Late artist's life was one of 'beauty'

Earlier this year, the town of Wilton lost not only an artist; it lost a 65-year member of its community.

Maria Jarreau Heller died Jan. 6 at the age of 89, after years of battling metastatic breast cancer.

A frequent visitor to the Wilton Library, as well as a featured artist in the library’s summer shows, Ms. Jarreau Heller’s life and artwork will be remembered and honored in a retrospective — Beauty by Maria Jarreau Heller — at the library.

Beginning with a 6 p.m. opening reception Friday, April 11, 70 pieces from Ms. Jarreau Heller’s vast collection of artwork will be displayed through April 29.

“Ever since I can remember, she’s been creative,” said Ms. Jarreau Heller’s son, Julien Jarreau. “Painting was later in life, but I can remember in the 60s, she was doing mosaics, cut glass, tiles — she always made her own clothing. She was always creating.”

Mr. Jarreau said most of the pieces featured in the retrospective will be botanical paintings his mother created using colored pencils on mylar and vellum.

“She just loved the way the colors blended together on it and the smoothness of it,” said Mr. Jarreau. “She did lots and lots of work with that.”

Mr. Jarreau said his mother was also trained in Oriental brush painting.

“Asian artists trained her in this technique. It’s very minimalistic,” said Mr. Jarreau. “My mom did minimalistic, but she also did detailed work with Oriental brushwork.”

Mr. Jarreau said his mother’s two-foot-by-three-foot botanical mylar pieces were big sellers.

“She loved selling her work,” he said. “When people actually bought her work, she would become delighted.”

Mr. Jarreau said his mother was a very inventive person.

“She would take this Oriental brushwork technique and she would cut it out,” he said. “She would actually take a pair of scissors and cut parts of the flowers out, and recreate them three-dimensionally on the page.”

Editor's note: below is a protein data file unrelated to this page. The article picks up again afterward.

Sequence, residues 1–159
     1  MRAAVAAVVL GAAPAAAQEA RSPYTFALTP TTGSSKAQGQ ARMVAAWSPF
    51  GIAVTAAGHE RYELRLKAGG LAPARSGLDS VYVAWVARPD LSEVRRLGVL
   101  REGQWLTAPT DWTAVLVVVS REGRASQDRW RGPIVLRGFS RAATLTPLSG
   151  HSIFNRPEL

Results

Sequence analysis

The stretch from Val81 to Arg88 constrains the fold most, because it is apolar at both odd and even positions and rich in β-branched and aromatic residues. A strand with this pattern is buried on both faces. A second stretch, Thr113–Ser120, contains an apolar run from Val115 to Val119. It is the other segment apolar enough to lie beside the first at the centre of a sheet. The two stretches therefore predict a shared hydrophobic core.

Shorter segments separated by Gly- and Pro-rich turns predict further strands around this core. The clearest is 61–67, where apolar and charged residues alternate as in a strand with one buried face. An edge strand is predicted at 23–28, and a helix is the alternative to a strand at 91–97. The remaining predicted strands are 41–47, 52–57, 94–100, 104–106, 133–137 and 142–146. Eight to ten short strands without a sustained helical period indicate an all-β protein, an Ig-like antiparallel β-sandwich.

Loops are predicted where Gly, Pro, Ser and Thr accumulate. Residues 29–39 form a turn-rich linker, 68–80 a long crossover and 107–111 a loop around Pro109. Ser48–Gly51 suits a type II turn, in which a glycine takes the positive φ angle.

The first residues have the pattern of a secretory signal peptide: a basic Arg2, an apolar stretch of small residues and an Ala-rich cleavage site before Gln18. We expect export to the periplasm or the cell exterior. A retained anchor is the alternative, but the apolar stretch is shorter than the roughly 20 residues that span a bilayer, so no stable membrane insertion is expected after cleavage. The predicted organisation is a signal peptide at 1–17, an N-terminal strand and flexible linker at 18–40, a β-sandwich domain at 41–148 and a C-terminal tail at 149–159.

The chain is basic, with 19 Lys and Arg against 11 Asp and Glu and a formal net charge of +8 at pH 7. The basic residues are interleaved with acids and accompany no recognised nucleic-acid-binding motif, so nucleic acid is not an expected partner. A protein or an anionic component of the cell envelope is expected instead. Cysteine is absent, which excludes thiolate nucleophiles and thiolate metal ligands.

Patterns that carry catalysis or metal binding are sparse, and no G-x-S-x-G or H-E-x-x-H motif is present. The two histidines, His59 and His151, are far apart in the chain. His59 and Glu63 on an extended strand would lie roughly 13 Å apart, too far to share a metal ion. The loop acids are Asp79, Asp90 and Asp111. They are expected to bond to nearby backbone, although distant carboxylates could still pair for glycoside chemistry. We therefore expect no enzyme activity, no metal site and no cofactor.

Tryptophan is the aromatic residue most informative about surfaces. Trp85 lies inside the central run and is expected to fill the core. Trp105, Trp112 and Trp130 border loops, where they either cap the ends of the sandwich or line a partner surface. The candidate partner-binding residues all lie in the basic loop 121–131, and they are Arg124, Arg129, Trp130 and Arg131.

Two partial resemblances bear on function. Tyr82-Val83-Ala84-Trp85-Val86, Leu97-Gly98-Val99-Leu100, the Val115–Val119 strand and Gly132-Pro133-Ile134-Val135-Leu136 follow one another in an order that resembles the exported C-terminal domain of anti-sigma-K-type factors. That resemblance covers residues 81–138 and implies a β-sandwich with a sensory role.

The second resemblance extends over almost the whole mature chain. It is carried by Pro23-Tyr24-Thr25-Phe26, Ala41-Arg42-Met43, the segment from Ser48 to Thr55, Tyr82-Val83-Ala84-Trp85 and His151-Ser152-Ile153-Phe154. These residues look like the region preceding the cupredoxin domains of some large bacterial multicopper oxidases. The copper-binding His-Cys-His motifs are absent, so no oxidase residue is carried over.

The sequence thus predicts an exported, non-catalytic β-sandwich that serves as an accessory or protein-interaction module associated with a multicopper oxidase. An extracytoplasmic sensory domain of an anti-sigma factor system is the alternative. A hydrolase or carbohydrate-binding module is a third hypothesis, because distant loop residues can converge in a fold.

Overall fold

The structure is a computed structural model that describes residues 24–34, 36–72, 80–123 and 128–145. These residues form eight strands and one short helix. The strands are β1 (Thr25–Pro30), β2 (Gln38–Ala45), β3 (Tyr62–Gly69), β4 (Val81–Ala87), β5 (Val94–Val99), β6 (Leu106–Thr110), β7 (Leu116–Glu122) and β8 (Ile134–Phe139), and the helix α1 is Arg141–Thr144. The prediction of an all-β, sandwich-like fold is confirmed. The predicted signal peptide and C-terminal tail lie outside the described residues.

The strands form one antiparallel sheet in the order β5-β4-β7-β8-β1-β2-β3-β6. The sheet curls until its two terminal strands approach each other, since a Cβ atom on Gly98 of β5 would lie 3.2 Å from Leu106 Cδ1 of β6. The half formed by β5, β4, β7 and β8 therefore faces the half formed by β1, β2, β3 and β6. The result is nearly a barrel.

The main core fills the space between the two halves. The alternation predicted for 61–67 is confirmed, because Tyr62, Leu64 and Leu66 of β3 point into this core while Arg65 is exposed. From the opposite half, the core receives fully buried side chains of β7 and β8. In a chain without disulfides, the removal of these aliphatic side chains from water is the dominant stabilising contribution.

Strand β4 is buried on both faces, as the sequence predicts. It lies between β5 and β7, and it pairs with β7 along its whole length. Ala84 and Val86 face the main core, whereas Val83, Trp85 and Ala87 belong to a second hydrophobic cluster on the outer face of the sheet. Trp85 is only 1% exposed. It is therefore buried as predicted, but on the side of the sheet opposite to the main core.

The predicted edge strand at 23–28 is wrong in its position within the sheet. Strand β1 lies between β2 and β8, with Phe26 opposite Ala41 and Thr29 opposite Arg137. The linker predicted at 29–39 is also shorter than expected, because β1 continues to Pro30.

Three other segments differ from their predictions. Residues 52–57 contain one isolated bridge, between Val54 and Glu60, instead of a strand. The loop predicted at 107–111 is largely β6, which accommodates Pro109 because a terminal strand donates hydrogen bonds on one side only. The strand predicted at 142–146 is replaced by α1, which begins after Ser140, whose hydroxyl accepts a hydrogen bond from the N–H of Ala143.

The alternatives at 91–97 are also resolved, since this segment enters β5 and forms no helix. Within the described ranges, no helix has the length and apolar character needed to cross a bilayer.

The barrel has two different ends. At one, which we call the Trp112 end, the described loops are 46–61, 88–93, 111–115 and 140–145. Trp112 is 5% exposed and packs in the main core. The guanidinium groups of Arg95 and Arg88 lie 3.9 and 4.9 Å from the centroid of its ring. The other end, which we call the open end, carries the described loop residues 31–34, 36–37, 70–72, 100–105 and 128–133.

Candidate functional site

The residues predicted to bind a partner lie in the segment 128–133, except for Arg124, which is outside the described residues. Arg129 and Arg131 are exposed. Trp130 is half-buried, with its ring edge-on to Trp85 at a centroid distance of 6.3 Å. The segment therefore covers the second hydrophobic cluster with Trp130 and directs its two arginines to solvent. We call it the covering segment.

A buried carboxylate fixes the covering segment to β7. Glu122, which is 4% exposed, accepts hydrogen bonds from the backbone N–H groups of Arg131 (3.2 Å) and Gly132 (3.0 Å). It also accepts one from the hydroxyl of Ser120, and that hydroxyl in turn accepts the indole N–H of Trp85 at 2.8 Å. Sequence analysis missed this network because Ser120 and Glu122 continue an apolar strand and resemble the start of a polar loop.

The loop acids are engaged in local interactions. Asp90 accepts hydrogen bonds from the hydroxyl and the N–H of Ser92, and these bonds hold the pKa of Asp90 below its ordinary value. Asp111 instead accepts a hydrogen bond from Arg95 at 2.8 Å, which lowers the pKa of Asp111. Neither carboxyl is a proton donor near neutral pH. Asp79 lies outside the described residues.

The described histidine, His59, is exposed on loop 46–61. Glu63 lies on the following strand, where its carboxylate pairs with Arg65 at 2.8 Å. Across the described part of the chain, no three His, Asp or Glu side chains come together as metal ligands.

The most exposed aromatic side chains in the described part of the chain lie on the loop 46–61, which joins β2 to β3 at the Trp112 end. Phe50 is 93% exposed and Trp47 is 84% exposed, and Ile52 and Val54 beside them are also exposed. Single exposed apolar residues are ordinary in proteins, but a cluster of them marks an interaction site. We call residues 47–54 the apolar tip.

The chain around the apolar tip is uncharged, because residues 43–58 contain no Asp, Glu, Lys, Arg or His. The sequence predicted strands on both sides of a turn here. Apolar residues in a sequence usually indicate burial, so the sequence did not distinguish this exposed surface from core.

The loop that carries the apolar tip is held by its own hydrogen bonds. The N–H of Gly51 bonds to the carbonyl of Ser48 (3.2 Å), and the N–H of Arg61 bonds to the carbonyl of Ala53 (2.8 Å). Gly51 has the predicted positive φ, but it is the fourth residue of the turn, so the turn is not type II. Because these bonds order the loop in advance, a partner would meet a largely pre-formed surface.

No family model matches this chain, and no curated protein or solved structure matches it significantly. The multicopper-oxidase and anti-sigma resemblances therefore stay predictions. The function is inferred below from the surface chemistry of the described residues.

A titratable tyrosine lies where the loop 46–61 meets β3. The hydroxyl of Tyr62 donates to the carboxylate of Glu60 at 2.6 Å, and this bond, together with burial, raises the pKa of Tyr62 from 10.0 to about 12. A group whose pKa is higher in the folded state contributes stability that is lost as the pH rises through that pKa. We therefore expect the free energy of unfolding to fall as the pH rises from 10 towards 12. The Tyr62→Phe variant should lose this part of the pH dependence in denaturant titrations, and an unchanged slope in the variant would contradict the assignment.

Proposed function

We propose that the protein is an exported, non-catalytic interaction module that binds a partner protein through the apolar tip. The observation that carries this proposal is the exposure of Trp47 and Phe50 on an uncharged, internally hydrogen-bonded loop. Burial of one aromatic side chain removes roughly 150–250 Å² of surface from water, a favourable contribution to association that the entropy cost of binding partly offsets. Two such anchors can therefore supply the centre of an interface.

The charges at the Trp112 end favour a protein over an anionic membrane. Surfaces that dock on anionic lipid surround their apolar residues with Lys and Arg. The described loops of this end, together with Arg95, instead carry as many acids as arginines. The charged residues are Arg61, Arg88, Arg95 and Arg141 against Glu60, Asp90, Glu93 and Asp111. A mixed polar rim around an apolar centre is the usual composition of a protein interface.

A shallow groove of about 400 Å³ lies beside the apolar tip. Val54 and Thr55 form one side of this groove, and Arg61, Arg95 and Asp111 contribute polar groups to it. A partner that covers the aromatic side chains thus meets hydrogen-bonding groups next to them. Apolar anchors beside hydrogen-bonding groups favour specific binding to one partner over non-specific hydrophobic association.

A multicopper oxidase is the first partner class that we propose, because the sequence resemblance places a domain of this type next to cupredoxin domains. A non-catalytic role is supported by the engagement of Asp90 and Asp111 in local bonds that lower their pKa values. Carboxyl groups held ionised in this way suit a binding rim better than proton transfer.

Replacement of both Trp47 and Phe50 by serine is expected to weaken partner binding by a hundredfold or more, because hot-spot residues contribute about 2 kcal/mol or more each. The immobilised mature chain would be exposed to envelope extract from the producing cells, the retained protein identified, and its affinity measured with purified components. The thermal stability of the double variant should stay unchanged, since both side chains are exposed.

Even old eyeglasses became works of art.

“She would take glasses — clear, prescription lenses from the optometrist — and she would make things,” he said. “She would make butterflies and fish, and things like that.”

In addition to Oriental brush painting on paper and silk, colored pencil on vellum and mylar, and 3-D cutout watercolor on paper, Ms. Jarreau Heller was also active in stained glass art, fine embroidery, leather tooling, portrait painting, decoupage, and sculpting.

“My mom created a lot of sculptures, and she used shells a lot in her sculpture work,” said Mr. Jarreau, but because they are fragile and too difficult to move, they will not be part of the retrospective. “My mom would get incredibly excited about starting projects,” Mr. Jarreau said. “The anticipation of starting a project was almost as important as completing it.”

Mr. Jarreau said he believes his mother’s favorite piece of art was the last project she worked on, “because it was new and it was fresh and it was available for everyone to see.”

“It’s a dancing woman made out of shells in this octagon-shaped frame,” he explained. “It’s a three-dimensional, very whimsical and very interesting piece — a little on the crude side, but it’s pretty cool.”

Ms. Jarreau Heller was passionate about her work.

“She was extremely driven to create. I mean, to the point where in the last three to four years of her life she would go through creative spurts of energy and forget to eat,” said Mr. Jarreau. “There were often times when she was dehydrated and had difficulty breathing, and we’d have to take her to the hospital because she wasn’t drinking or eating. That’s how driven she was.”

Mr. Jarreau said there were times when his mother wouldn’t feel well enough to create, but those occasions were rare.

“Her illness got in the way,” Mr. Jarreau said. “It was an annoyance for her, but it never stopped her.”

Mr. Jarreau said Beauty by Maria Jarreau Heller will be more than just a retrospective.

“It’s honoring her and her legacy. It’s the community she lived in, celebrating her life and her artwork as an expression of beauty,” he said.

Mr. Jarreau said his mother was “always observing and looking at what she called ‘the creatures and things that God created.’”

“My mom was relentless in her pursuit of beauty,” said Mr. Jarreau.

The majority of the works displayed at the Beauty by Maria Jarreau Heller retrospective will be available for purchase, with a portion of proceeds benefiting Wilton Library.

For information, visit wiltonlibrary.org or call 203-762-3950, ext. 213.